In this morning's news...
State threatens to pull revenue if consent deal challenge continues
Detroit’s top lawyer, Krystal Crittendon, is challenging the city's consent deal with the state of Michigan. State officials want the challenge to stop. The state Treasurer's Office sent the city a letter. From the Detroit Free Press:
The state Treasurer's Office warned the City of Detroit on Thursday that it could lose $80 million or more in state revenue sharing unless Mayor Dave Bing gets a lawsuit dropped by next week that challenges the city's financial stability agreement with the state.
Mayor Bing issued a statement last night saying he'd received the letter. Bing said Crittendon "believes she has the right to file the complaint."
However, as I have said before, this action only impedes our progress and places the City’s fiscal recovery in grave jeopardy. My team is working closely with the State to mitigate any negative impacts on my administration’s plan to financially stabilize the City. We want this matter resolved expeditiously for the sake of the citizens of Detroit.
Michigan House panel aims to put limits on abortion
A set of bills going through the legislature will put more restrictions on abortion providers in the state. A state House panel passed them yesterday, and now the bills are on the way to the state House floor. More from the Detroit News:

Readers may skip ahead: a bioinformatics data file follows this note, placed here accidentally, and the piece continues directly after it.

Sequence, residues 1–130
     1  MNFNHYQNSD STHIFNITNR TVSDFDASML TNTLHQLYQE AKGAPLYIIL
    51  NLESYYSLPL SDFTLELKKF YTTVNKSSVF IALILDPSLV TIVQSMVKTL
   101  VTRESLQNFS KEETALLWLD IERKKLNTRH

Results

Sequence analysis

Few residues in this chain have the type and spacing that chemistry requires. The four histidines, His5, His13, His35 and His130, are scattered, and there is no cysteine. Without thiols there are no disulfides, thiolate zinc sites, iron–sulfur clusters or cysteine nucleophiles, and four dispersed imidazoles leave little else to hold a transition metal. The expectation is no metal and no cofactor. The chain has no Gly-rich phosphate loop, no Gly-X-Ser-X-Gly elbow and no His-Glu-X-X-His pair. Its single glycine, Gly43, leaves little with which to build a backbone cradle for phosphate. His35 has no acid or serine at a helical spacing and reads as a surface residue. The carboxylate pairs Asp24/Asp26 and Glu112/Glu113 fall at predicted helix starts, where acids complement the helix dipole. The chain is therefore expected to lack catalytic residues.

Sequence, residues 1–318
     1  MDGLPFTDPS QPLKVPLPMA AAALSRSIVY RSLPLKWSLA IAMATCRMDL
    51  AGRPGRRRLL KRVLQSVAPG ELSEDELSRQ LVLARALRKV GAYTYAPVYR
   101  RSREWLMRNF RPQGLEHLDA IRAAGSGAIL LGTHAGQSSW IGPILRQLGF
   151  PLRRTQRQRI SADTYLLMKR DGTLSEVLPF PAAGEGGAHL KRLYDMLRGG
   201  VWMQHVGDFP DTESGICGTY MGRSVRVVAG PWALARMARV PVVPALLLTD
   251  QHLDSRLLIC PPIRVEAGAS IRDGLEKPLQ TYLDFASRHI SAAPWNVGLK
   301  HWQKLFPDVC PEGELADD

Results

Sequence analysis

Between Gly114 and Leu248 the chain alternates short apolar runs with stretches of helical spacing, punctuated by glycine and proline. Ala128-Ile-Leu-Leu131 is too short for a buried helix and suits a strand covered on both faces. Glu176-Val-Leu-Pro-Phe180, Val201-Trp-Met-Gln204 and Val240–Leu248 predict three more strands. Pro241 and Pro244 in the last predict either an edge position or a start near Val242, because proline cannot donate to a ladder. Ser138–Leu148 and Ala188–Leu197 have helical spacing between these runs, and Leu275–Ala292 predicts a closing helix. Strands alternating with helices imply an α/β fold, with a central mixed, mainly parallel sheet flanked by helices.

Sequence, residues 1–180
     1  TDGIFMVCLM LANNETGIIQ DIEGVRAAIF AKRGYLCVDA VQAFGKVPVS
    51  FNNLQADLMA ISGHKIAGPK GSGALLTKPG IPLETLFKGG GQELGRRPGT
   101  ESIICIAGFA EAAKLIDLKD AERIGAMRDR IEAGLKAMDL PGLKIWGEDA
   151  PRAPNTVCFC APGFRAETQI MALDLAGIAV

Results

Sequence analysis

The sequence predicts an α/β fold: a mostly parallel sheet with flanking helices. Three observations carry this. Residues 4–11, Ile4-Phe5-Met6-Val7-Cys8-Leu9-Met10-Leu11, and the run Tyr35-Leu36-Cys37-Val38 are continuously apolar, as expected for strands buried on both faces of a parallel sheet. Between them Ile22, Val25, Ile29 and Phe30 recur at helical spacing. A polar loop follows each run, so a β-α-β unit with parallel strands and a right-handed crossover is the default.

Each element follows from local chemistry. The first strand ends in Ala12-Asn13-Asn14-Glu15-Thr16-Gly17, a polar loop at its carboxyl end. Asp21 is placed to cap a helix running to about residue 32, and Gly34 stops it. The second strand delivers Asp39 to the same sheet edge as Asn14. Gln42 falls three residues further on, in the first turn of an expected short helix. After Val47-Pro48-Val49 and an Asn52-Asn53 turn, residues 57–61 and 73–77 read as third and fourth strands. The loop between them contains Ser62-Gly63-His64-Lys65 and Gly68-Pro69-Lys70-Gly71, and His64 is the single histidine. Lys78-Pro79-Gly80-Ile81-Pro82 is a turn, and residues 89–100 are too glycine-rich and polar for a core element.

A House committee on Thursday advanced a three-bill package to the floor requiring abortion clinics to be licensed surgical centers, imposing new requirements for disposing of the remains of aborted fetuses and making it a crime to coerce a woman into terminating a pregnancy.
One of the bills includes a ban on late-term abortions for unborn children 20 or more weeks developed, with a narrow exception when the mother's life is at risk, said the bill sponsor, Rep. Deb Shaughnessy, R-Charlotte.
Polls show it's close between Obama and Romney in Michigan
Michigan is looking more and more like a swing state for either candidate. From the Huffington Post:
A poll released on Thursday by Lansing-based pollster EPIC-MRA has President Obama and Mitt Romney running neck and neck in Michigan, with Romney leading with 46 percent to Obama's 45 percent.
In a release, the Michigan Republican Party touted the results as evidence of Romney's growing strength in his home state. That would represent a shift from other polling conducted in the state, as well as EPIC's polling in April, which gave Obama a 4-point lead.